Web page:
Tagged: dipole

RTL-SDR V3 Amazon Back in Stock + A Preview of our Upcoming Multipurpose Antenna Set

The RTL-SDR Blog V3 is back in stock in Amazon USA (Dongle + Antenna) (Dongle Only). International buyers can continue to purchase units from our store at www.rtl-sdr.com/store.

Apologies for the long out of stock period, we sold out of our remaining Amazon US stock almost immediately a few weeks ago due to a large Reddit thread which popularized the Reddit /r/rtlsdr forums (a big welcome to any new RTL-SDR users!). Amazon is currently processing the new stock and it should be ready to ship out in a few days.

We also have a new antenna set in the works which should be ready for purchase in a few weeks. This antenna set is essentially a custom modified TV dipole with mounting kit. The kit will contain:

  • 1x Telescopic Dipole Antenna base with 20cm RG174 cable
  • 2x removable 22cm to 1M telescopic antennas
  • 2x removable 5cm to 13cm telescopic antennas
  • 1x 3M SMA RG174 extension cable
  • 1x suction cup window mount
  • 1x bendy tripod mount

Antenna Base

The telescopic antennas mount onto the antenna base via a screw, so they can easily be removed and interchanged between the large and small ones, or packed away for storage.

The dipole antenna base attaches to the suction cup or bendy tripod mounts using a 1/4″ camera screw. So any cheap camera mounting accessories like clamps, tripods etc can be used to mount the dipole as well.

The coax cable on the base also has a ferrite core choke on it to help decouple the feedline from the antenna, and there is a 100kOhm bleed resistor added to reduce static discharge.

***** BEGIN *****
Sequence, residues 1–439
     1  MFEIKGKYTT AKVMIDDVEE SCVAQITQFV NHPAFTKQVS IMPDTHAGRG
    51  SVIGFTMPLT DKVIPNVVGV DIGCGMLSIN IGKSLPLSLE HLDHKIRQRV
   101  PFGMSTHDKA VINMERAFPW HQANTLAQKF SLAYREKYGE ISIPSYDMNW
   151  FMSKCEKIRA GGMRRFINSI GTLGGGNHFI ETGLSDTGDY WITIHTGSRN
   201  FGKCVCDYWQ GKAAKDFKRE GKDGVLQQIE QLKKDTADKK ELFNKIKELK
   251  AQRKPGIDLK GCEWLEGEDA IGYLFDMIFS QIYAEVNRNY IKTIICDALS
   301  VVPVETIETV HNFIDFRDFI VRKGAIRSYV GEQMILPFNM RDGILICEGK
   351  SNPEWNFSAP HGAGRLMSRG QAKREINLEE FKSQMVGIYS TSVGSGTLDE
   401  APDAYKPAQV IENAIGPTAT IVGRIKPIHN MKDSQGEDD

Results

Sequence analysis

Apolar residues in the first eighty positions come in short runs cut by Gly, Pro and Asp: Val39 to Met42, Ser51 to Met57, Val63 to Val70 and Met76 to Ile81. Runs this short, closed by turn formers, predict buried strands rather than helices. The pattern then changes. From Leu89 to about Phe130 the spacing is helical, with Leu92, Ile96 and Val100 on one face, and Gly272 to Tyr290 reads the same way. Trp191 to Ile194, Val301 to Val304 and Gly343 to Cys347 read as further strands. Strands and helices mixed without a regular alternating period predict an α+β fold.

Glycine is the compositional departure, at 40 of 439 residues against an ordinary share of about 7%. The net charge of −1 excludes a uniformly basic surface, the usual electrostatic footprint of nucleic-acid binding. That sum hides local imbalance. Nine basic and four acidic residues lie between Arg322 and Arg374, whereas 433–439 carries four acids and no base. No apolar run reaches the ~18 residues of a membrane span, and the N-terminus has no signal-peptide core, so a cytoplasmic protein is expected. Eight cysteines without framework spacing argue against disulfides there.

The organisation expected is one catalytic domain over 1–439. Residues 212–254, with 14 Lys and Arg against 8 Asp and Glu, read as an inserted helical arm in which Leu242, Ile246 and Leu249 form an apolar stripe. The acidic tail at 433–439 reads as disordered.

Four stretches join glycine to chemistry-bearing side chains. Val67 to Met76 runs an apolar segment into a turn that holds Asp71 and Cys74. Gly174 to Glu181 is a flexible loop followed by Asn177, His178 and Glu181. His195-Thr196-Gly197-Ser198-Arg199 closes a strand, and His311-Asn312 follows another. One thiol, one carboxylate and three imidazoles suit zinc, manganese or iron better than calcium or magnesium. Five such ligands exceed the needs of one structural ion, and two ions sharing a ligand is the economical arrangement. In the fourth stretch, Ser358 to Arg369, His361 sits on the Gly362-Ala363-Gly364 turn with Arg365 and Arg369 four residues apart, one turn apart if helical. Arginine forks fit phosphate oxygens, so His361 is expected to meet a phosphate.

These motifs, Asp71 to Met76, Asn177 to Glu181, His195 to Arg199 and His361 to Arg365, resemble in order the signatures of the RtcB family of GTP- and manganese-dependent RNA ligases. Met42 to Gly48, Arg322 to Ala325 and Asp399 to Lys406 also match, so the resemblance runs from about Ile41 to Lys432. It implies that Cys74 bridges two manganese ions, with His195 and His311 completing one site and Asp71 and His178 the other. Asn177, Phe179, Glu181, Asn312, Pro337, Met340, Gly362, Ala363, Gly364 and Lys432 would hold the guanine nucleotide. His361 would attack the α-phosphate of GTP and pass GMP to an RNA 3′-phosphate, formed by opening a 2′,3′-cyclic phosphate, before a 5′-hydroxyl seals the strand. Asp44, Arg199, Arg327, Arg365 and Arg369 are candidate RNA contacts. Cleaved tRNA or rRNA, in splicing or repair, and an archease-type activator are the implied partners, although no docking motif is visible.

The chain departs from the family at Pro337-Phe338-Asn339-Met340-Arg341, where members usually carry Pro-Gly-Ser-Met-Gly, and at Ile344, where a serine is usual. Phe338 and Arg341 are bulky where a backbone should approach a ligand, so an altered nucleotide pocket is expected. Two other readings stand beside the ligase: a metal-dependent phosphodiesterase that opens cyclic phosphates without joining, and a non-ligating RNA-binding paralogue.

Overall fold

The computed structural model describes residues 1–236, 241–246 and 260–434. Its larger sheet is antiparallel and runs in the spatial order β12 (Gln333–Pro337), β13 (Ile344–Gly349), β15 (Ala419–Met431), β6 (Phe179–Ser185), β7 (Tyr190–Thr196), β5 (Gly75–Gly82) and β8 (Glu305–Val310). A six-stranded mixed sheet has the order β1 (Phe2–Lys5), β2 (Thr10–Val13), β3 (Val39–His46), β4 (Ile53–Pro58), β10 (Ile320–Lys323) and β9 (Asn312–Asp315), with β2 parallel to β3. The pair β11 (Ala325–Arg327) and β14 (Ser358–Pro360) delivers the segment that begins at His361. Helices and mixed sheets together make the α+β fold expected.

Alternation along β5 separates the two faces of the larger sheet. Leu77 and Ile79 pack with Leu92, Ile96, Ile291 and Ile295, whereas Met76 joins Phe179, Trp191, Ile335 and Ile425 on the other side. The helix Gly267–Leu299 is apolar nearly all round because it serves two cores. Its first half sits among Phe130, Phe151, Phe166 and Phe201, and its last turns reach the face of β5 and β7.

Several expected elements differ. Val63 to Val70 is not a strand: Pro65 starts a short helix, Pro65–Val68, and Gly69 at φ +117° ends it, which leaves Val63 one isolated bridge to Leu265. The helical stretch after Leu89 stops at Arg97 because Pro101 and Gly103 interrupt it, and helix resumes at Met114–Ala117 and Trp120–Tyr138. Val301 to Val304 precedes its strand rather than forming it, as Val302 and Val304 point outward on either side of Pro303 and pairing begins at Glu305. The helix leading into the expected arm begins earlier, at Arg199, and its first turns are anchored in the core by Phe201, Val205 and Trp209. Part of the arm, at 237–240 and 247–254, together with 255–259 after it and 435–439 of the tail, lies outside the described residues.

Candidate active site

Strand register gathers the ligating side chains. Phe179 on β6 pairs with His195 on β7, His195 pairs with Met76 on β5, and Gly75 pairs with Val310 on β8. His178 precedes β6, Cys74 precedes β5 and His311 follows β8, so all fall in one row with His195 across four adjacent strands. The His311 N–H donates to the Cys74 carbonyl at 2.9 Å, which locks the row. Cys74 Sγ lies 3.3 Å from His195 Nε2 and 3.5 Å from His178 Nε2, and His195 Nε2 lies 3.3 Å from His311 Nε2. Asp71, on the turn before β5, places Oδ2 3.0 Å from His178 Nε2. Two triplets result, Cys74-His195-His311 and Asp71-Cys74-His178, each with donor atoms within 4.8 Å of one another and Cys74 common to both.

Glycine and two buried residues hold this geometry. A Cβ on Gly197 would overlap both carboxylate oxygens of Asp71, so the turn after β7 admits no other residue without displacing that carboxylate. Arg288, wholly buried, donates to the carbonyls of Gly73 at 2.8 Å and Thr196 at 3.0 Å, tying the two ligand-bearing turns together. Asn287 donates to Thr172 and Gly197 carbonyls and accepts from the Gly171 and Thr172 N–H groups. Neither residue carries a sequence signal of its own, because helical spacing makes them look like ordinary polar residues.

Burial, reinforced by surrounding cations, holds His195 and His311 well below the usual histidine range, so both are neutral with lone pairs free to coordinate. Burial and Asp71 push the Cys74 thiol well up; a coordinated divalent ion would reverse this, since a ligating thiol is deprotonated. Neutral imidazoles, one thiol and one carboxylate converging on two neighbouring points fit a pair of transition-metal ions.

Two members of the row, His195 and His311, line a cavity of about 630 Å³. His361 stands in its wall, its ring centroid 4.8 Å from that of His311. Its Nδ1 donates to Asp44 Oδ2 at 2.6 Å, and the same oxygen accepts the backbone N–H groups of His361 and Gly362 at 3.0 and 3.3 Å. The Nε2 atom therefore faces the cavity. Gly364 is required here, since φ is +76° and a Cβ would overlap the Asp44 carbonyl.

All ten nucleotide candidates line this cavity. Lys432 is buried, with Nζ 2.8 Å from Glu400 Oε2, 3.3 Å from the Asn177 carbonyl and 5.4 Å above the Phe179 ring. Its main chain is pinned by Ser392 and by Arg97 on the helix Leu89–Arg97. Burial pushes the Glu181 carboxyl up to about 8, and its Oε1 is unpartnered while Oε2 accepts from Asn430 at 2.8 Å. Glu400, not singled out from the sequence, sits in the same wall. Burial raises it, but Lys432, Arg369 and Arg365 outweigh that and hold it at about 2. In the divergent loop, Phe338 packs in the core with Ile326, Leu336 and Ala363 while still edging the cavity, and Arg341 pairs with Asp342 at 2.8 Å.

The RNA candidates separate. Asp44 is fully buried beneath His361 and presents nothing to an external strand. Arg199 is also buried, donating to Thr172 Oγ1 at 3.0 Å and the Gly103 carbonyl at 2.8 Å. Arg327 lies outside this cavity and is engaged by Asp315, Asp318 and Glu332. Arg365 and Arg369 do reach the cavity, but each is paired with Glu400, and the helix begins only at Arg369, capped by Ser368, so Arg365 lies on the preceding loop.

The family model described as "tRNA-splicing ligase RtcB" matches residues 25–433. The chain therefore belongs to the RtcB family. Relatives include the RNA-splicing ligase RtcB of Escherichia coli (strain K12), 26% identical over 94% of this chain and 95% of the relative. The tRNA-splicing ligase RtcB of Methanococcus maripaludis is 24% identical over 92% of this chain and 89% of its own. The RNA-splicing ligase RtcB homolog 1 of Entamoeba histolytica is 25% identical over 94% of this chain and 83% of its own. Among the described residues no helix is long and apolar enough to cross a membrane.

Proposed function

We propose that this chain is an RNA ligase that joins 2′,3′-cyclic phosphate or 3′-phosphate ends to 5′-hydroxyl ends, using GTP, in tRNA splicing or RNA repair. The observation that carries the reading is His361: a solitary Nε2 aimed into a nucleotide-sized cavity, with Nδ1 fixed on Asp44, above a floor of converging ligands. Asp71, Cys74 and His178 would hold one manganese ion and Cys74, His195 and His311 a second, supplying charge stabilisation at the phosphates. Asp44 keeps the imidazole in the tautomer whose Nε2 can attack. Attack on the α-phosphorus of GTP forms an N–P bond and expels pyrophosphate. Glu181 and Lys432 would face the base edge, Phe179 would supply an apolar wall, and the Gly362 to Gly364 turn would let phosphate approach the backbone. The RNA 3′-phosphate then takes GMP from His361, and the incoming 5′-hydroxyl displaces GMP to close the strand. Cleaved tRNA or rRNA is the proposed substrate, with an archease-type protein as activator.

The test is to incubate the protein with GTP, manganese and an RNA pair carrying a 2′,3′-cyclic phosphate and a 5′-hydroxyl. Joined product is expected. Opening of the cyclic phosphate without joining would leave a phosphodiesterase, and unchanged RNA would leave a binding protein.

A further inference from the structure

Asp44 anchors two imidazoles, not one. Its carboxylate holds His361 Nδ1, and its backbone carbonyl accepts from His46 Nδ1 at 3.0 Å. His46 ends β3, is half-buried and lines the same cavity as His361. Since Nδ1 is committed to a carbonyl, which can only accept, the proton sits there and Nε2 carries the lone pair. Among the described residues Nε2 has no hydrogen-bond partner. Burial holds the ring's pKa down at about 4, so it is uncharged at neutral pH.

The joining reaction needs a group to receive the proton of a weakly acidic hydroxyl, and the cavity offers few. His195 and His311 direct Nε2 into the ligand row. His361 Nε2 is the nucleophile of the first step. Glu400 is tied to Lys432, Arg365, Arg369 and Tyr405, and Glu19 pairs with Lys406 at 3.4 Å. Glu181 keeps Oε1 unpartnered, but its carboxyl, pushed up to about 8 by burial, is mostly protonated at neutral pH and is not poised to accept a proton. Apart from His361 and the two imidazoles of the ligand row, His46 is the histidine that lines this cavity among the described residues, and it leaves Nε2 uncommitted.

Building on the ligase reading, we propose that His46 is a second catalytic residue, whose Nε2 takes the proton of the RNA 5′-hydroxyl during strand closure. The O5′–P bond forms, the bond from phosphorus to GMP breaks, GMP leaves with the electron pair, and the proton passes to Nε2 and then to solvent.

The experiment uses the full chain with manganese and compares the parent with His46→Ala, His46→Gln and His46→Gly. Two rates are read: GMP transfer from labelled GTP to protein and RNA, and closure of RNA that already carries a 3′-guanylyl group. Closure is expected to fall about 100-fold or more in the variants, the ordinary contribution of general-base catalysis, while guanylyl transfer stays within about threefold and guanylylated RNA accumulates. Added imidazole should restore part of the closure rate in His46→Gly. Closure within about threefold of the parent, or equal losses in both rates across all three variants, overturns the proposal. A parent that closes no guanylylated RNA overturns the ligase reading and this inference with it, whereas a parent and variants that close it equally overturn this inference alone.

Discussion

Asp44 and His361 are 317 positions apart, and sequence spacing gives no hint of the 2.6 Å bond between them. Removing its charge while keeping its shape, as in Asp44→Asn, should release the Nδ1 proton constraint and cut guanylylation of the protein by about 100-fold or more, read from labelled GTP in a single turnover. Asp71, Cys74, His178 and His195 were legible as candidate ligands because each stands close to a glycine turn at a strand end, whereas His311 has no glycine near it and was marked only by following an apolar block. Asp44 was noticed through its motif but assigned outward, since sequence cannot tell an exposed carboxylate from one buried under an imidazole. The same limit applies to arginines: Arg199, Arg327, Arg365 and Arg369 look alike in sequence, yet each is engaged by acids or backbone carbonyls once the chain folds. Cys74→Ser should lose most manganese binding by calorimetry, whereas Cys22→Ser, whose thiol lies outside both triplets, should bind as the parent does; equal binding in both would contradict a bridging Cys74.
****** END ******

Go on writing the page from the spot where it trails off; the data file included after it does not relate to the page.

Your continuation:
Mounts

The included suction cup mount allows you to mount the dipole on a window (ideally outside) and orient it into a vertical, horizontal or V-Dipole position. The bendy tripod allows you to use the antenna on your desk, folded over a door, on a tree branch, pole, or anywhere that the tripod legs can be wrapped around.

Usage

The biggest problem that new RTL-SDR users face is the antenna. Most are starting off with a mag mount whip, and have no way to mount them outside where they should be for better reception. Keeping them inside can cause poor reception and increased pickup of local interference from electronics. Our dipole with the mounts aims to solve this problem.

Using a dipole generally results in better reception than with a mag mount whip, and also allows for easier outdoor mounting. The 3M coax extension cable allows you to get the antenna at least to a window in your room.

Note that although we recommend using the antenna outside, please remember to take the antenna back inside when not in use to avoid lightning/ESD/weathering problems. It is not designed for permanent outdoor mounting and please remember that any permanently mounted outdoor antenna should have good grounding to protect your radio against ESD and lightning.